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How To Fire Yourself As A Founder And Grow Your Business

The best thing you could do as a founder to grow your business is delegation. Growth is teamwork. Most importantly, if you have to spend all of your time in managing the operation and doing trifles, when would you think, strategize and think about the bigger picture? That’s why many successful entrepreneurs suggest that you have to continuously fire yourself as a founder from your current role and move to the next most important role.

Raisul Kabir, Founder, and CEO of Brain Station 23, has used this same strategy to grow Brain Station from a team of 3 people to a team of 185 people today. In an interview with FS published on February 3, 2019, we asked Mr. Raisul how has he grown Brain Station 23 to where it is today? His answer would surprise you.

When I started to trust people to this degree, two things happened: 1) they started to take ownership 2) and I became free and I could focus on other important things and expansion of the business.

Raisul Kabir
Raisul Kabir, CEO, Brain Station 23

Question: You started as a three-person company and today, you are a team of 185 people. It has been a phenomenal journey so far. How have you grown the business? What have you done to grow?

Raisul Kabir, Founder, and CEO of Brain Station 23: Initially, when we were small, the main challenge for us was employee retention. Today, our retention is very good. In 2018, we had only one person who properly left us. We lost only one person who was basically preparing to go to Germany and so he decided to leave. And we lost another person who left because of my mistake. We hired a bad manager and one of my people left because of the bad behavior of that manager. It was mostly my mistake.

In order to overcome our challenge with retention and build a great culture, we have done some good work. For example, trusting and empowering people. What do I mean by that? When you are dealing with a person, considering that he or she is capable and would do his job well – having faith in the capacity of people. When you trust people and empower them, then people who are really good they take ownership and rise up to the responsibility. The people who are not good they fail to deliver and deviate from their responsibility to the extent that they willingly leave the organization after a while. It is the best strategy to build a culture of meritocracy. We have never taken the strategy that we would give the highest salary in the market. Our strategy has always been that we would give a salary above 80-90% of the companies in the market. So if someone wants to take advantage of a situation they leave after a while when they get a better opportunity.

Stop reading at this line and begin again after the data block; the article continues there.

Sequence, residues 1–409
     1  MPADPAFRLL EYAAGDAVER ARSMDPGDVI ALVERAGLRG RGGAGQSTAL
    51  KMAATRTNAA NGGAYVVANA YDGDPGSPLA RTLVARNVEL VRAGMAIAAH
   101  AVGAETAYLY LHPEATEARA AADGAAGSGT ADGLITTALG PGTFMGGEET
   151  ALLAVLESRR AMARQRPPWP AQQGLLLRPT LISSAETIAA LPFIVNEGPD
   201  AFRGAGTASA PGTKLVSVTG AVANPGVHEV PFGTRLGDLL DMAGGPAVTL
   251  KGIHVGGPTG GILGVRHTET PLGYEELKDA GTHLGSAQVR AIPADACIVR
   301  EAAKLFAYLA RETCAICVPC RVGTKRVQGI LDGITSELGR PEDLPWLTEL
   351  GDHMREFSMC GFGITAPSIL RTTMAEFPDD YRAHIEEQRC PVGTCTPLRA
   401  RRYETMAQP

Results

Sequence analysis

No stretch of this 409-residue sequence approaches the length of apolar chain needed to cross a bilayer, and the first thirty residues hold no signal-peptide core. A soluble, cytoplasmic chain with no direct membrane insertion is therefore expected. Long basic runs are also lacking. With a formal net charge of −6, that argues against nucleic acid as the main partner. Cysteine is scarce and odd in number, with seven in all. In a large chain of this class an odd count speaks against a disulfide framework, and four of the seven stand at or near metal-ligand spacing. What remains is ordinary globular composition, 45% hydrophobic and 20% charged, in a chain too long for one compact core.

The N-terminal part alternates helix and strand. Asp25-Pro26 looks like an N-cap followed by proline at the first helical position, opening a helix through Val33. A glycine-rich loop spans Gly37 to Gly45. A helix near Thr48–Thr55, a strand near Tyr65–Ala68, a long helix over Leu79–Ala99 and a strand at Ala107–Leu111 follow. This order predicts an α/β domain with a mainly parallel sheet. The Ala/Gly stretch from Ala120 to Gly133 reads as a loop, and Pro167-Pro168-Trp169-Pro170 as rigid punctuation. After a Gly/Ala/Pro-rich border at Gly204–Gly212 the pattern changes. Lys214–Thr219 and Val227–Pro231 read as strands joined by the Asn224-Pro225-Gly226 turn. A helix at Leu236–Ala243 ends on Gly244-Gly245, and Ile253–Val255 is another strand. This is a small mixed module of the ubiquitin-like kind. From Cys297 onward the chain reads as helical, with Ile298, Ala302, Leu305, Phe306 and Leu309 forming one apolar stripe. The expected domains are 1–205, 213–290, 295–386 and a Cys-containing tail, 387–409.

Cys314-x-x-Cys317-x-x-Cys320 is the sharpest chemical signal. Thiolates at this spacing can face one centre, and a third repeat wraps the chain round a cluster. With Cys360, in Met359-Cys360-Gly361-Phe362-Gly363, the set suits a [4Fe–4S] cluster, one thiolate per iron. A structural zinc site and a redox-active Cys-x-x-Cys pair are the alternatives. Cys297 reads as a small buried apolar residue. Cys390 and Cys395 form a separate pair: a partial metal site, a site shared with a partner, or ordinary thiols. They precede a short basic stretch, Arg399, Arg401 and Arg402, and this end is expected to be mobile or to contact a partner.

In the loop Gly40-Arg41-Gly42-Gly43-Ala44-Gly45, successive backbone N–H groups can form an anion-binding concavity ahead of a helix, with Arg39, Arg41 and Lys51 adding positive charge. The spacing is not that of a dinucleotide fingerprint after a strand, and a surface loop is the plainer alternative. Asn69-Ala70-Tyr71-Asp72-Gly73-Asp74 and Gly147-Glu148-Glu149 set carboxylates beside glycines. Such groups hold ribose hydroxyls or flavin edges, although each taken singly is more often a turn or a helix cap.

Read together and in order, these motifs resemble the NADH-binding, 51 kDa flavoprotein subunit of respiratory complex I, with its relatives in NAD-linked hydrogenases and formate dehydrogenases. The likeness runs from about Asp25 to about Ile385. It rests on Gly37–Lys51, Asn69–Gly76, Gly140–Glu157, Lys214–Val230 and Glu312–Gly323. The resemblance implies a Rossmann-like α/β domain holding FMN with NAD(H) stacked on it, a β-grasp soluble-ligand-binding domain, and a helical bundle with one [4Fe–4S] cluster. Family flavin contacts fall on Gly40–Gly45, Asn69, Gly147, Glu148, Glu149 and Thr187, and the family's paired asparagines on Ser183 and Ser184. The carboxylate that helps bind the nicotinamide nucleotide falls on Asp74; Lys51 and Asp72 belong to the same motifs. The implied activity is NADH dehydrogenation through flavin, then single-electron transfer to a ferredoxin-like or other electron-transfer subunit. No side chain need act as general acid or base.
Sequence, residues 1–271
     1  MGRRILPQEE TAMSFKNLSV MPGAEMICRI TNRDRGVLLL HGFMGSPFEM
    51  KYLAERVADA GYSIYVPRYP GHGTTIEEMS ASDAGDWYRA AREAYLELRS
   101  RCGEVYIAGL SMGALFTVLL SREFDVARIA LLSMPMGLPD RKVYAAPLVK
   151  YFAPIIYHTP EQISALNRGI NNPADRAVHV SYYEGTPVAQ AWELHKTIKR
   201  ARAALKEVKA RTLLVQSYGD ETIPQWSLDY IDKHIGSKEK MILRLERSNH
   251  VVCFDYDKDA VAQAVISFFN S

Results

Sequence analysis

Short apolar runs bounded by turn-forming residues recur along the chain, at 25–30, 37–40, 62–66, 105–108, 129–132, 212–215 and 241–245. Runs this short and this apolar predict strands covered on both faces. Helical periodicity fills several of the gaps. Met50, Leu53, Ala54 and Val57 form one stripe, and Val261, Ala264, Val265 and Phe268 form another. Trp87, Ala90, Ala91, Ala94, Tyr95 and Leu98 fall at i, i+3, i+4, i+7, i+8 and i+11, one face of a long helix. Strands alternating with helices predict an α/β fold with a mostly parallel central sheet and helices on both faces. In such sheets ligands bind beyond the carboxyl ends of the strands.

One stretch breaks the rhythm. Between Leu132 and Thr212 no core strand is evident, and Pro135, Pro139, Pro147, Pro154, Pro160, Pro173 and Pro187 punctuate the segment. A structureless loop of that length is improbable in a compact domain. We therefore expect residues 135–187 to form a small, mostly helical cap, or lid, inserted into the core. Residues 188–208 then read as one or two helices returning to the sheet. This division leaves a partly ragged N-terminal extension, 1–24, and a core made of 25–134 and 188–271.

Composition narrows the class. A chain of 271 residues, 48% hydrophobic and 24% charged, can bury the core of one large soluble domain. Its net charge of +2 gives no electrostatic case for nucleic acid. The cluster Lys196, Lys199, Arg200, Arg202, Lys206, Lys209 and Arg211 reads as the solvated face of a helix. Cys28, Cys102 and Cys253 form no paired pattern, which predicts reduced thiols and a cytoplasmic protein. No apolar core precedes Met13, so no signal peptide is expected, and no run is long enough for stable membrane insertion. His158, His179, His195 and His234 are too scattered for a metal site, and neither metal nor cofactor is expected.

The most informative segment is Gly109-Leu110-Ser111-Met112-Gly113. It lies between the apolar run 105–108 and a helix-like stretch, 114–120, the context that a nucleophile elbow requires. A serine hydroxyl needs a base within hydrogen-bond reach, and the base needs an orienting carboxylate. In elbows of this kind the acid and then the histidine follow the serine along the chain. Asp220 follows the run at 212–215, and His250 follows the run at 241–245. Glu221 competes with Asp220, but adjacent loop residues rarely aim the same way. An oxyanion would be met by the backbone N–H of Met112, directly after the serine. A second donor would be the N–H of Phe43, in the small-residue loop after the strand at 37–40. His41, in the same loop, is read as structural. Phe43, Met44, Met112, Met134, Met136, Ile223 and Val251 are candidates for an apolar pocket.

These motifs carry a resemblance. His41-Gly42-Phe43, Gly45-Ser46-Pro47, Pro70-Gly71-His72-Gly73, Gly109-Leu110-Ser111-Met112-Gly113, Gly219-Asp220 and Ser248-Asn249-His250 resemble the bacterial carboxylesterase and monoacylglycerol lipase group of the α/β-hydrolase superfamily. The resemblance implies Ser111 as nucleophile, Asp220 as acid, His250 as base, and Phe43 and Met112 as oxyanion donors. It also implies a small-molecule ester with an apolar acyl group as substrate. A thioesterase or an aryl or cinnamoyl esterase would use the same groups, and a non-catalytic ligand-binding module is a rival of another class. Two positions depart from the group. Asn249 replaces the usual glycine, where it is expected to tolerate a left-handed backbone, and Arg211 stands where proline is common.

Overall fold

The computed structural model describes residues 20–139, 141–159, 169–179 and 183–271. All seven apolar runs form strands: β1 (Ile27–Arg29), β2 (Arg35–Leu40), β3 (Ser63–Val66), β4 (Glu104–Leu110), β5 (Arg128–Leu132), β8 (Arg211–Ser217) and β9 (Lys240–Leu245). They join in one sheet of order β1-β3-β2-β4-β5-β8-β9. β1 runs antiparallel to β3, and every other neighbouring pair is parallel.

People who are genuine they love the environment and stay with us. This strategy has helped us in employee retention and ultimately in growth. Whenever we made any profit, we kept reinvesting that money into the company. We would hire more people with the proceedings of every project so that we could work more and invest in further growth.

The other aspect of trust was that when we had a project I used to connect the programmer assigned to the project and the client and allow them to directly collaborate and get it done. There is a risk associated with this approach that the programmer and the client could both leave along with your project and business. Many people fear that and seldom allow a programmer to directly work with a client. But I thought differently that it is a good thing if a bad client and a bad employee both are gone!

When I started to trust people to this degree, two things happened: 1) they started to take ownership 2) and I became free and I could focus on other important things and the expansion of the business.

It has helped our growth tremendously. Many organizations don’t do this introduction for two reasons mainly. Fear of losing is one of the reasons. The other reason is that if I introduce between my developer and client, it could happen that my developer might not do a good job of communicating with the client. But I decided to believe in people and in their ability. I set a high standard and then tell that we have to meet this standard. As a result, even if someone is not good at communication, after trying hard for a while he becomes good. Initially, they face some hiccups but after that, they grow pretty fast. This has been the secret to our growth.

This an excerpt from our interview with Raisul Kabir, Founder, and CEO of Brain Station 23, you can read the full interview here.

Cover photo: Photo by Emilio Garcia on Unsplash

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